Matt Asiata & Joe Banyard
The Vikings boast one of the most top heavy backfields in the league in terms of production, usage and talent. Behind Peterson and Gerhart there is literally nothing. Asiata and Banyard, while listed as the third and fourth running backs saw a grand total of 3 carries during the 2012 season. Both of them are undrafted free agents and more practice squad types than anything else. Look elsewhere.
Harvin is one of the most electric receivers in the game right now. Unfortunately, he is also one of the most disgruntled as well. Last off-season was filled with drama surrounding Harvin’s pay, playing time, usage, and just about anything else you can imagine. The current off-season is looking like it is going to be taking on a very familiar tune.
There is no denying Harvin’s talent. In his four years in the league, few wide receivers have shown better ability to move with the ball in his hands. He has a dynamic skill set and was easily a top 10 if not top 5 PPR receiver during the first part of this year. If you expand his stats from the healthy games this year, he would have finished with 110 receptions, 1,200 yards, and five touchdowns. Then you can add in another 200 rushing yards with two scores as well as 1,000 return yards and two more scores – that’s a whole lot of production.
The downside on Harvin always has been and still is staying on the field. At 5’11” and 184 pounds, he is on the smaller side for a pro player. Combine that with his physical style and you get a lot of injuries. Only once in his four years has he played all 16 games, and several of those games each year were questionable tags due to injuries.
Currently seeking a major contract instead of playing out the final year of his rookie deal, Harvin’s team for 2013 is a bit up in the air. The Vikings definitely want to keep him, but they tend to hesitate to pay market value. Not only that, but with Harvin still under contract for one more year, they might try to make him play it out, which could led to a holdout. The only other option is to trade him. Regardless of where he goes, he’s a WR1 (especially in PPR leagues) anytime he takes the field.
Behind Harvin, the Vikings have one of the weakest receiver groups in the league. The only player currently on the roster who seems to have anything close to promise is Wright. Sometimes billed as a poor man’s Percy Harvin due to their similar size, even that comparison might be a little generous. He has great speed and burst, but he isn’t near the skill set of Harvin.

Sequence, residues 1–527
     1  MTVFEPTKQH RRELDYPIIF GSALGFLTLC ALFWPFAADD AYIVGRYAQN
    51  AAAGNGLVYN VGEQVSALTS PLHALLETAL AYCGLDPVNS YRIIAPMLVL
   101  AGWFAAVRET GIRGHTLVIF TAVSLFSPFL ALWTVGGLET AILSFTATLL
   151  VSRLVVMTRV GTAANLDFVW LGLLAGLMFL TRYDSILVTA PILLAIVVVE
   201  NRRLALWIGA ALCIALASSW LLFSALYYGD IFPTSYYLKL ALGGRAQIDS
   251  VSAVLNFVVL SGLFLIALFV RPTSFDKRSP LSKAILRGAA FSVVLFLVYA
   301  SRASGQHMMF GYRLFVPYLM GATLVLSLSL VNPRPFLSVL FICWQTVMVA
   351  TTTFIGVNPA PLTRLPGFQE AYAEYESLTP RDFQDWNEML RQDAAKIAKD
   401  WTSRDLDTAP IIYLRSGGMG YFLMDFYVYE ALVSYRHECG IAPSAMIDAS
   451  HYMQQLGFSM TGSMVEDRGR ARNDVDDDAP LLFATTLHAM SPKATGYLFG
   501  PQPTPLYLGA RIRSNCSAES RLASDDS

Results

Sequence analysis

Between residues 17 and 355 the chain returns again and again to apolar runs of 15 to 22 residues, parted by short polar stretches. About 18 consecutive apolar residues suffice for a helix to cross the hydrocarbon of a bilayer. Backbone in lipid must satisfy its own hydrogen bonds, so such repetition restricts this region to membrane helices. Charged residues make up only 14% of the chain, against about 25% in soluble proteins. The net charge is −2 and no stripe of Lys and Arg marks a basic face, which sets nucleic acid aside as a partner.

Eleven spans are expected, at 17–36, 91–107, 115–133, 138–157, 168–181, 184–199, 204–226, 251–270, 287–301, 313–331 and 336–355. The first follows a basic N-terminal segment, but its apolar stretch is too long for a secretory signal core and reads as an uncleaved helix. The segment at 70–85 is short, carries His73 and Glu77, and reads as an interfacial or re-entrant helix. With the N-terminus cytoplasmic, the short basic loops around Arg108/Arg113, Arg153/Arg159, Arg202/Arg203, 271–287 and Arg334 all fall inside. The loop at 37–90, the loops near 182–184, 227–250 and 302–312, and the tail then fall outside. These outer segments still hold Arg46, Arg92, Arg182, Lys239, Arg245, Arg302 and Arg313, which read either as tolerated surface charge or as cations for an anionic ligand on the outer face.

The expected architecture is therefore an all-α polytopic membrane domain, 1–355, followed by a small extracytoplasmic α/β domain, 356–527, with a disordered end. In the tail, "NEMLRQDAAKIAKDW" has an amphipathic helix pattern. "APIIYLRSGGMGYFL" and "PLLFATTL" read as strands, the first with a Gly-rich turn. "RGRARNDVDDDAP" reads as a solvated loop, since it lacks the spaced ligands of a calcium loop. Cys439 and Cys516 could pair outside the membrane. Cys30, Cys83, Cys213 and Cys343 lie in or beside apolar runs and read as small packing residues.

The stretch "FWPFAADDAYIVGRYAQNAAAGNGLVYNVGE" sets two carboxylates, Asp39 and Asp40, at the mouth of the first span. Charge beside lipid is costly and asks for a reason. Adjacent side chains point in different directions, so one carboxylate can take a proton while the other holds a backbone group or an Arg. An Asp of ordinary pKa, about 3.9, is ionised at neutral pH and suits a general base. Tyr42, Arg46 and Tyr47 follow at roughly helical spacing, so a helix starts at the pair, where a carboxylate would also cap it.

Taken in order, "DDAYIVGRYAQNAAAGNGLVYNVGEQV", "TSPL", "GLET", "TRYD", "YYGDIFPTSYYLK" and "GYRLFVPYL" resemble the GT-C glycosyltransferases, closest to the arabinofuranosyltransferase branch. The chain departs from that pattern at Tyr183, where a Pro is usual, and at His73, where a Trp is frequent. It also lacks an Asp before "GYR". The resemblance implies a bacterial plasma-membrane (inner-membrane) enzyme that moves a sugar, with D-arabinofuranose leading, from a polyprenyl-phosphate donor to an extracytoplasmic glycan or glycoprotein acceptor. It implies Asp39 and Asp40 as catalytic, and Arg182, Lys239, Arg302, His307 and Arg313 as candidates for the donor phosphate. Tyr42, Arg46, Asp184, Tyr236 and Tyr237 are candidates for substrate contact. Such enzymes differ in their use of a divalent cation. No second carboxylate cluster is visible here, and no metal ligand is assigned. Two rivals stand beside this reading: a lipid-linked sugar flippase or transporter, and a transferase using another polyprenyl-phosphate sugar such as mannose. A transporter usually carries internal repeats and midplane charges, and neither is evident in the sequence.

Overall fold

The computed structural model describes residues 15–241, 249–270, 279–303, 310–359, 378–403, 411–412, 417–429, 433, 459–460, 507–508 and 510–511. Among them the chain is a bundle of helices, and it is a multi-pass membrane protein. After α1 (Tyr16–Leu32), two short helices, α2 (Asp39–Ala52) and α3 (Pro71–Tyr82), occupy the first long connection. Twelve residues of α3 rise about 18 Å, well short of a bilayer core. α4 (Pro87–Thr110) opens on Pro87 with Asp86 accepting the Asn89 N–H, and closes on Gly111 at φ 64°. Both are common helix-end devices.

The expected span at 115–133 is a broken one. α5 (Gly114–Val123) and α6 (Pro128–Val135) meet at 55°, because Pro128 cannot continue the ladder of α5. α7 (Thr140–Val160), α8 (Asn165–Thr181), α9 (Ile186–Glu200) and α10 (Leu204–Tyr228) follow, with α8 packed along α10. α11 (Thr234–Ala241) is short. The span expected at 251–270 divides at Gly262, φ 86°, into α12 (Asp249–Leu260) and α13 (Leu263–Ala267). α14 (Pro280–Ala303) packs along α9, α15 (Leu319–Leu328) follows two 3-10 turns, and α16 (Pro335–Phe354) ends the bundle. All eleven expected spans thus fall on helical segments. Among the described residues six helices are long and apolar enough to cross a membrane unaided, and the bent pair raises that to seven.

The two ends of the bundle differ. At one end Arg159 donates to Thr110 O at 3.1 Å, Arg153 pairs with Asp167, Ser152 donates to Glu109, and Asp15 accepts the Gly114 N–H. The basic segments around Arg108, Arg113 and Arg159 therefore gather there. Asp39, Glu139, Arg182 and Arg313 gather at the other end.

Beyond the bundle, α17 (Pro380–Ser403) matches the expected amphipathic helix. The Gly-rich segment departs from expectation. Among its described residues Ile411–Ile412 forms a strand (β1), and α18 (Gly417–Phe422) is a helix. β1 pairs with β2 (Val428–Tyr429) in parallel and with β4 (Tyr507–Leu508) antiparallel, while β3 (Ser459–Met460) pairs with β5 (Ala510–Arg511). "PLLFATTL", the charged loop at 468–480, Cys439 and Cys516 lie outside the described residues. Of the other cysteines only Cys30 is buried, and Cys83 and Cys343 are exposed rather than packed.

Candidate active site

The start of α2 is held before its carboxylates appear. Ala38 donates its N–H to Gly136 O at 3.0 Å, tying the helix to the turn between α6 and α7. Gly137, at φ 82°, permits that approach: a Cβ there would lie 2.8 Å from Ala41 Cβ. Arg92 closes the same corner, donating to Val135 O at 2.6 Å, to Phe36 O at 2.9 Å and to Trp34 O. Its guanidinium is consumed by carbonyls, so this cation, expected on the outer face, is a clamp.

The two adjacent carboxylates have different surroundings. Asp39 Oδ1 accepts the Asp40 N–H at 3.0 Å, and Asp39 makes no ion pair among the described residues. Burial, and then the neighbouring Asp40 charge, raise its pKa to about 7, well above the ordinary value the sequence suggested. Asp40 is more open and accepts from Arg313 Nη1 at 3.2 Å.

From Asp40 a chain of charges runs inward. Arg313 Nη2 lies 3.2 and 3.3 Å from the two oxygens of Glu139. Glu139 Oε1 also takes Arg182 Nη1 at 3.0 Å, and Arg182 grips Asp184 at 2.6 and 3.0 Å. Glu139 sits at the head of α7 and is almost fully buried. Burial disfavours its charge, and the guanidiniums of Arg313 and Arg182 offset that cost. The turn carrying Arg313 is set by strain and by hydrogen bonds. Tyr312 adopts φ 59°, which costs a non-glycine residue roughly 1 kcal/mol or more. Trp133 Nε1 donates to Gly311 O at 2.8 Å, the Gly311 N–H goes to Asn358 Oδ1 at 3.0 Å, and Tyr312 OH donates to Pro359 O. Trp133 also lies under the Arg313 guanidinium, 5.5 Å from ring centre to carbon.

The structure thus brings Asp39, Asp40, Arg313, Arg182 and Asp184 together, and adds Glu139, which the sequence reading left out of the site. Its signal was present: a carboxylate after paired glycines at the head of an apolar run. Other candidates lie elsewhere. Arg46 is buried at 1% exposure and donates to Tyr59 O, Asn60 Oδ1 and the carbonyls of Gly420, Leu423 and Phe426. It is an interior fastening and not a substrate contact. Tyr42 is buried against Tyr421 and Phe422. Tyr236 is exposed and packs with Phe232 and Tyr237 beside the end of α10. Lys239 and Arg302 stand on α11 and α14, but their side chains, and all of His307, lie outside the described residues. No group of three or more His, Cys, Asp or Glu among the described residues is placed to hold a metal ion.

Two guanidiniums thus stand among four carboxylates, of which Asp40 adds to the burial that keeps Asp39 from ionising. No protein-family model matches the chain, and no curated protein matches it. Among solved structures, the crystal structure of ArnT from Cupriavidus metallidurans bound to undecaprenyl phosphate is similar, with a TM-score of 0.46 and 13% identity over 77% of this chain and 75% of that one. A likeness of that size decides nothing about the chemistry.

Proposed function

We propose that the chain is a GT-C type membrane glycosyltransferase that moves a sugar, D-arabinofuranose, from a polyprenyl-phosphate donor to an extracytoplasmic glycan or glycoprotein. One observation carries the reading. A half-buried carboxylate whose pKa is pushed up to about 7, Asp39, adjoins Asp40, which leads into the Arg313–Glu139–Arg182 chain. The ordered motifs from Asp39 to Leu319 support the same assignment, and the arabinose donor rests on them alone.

That isn’t to say that he isn’t worth your time.
While filling in for an injured Harvin, Wright notched 22 receptions for 310 yards and two touchdowns. That isn’t anything special, but Wright will continue to grow and should Harvin leave in the next year or two, Wright will definitely see an opportunity to step up and earn a starting role, competing against a free agent and/or a high draft pick. If Harvin stays, I don’t see Wright having much of a role.
Jenkins will turn 31 before next season and is due a fairly sizable roster bonus. Chances are that he will need to restructure his deal or he’s going to be cut. His production this last season was lackluster at best with 40 receptions for 449 yards and two touchdowns. He doesn’t have a place on fantasy rosters.
Jerome Simpson and Devin Aromashodu
Both of these guys were semi-high profile signings in previous years and carried the hopes of being fantasy sleepers. Neither of them have panned out in their time in Minnesota and both are currently free agents. Regardless of where they sign, don’t get your hopes up. Simpson definitely has talent, but he hasn’t been able to translate that into production in Cincinnati or Minnesota. Aromashodu is a fringe talent with a great name at best.
Childs was one of my favorite draft picks the Vikings made last year. I felt he was an early round draft pick by talent, but injury concerns pushed him lower. Unfortunately for Childs, those concerns came to fruition. Back in training camp, he managed to not just tear one, but to tear both of his patellar tendons. He also tore his right one back in college. If he can ever get healthy and avoid the injury bug, he could be the sleeper wide receiver on this team. He isn’t worth a roster spot at this point, but he is a name to watch.
Also known as the Pro Bowl MVP, Rudolph is a very intriguing player. He has the size and skill set to be a very solid (if not great) tight end in the NFL. This looks even nicer when you look at the lack of pass catching talents on the Vikings. This led many to project Rudolph as at least a TE1 this year if not a top five player. Unfortunately, probably for several reasons, that just didn’t happen.
That isn’t to say Rudolph had a terrible year – he was a major target in the red zone and hauled in nine touchdowns, which pushed him into the top 15 in most leagues. The downside is he had just 53 receptions for 493 yards. He didn’t top 70 yards in a single game, and was held without a catch in three of his games with only two catches in three other games. In other words, he was extremely inconsistent and only produced quality numbers when he caught those touchdowns.
The talent is definitely there, but I think his ceiling is going to be limited by the game planning and the development of Ponder. He does have the upside of a top seven tight end, but if and when he gets there is out of his hands at this point. If someone is willing to sell him on the cheap and you have time to wait, now might be the time to buy.
Signed to a contract worth $25 million last off-season, Carlson was used as little more than a blocker this season. In fact, he only had eight catches on the entire season. Chances are fairly high the Vikings will try to restructure his deal or just eat the money and cut him. The productivity just isn’t worth the investment. Even if they keep him, he just isn’t going to see the usage or the role that he saw back with the Seahawks in 2008 and 2009.
The 2012 fourth round pick of the Vikings is a bit of a tight end/fullback hybrid. My guess is that if Carlson gets cut, Ellison will step up to be the primary blocker to allow Rudolph to continue to be more of a pass catcher. Ellison lacks the speed and agility to be a strong pass catcher, but he might get the occasional reception. Should Rudolph and Carlson be unavailable, expecting anything more than a handful of catches would be too optimistic. He shouldn’t be on fantasy rosters.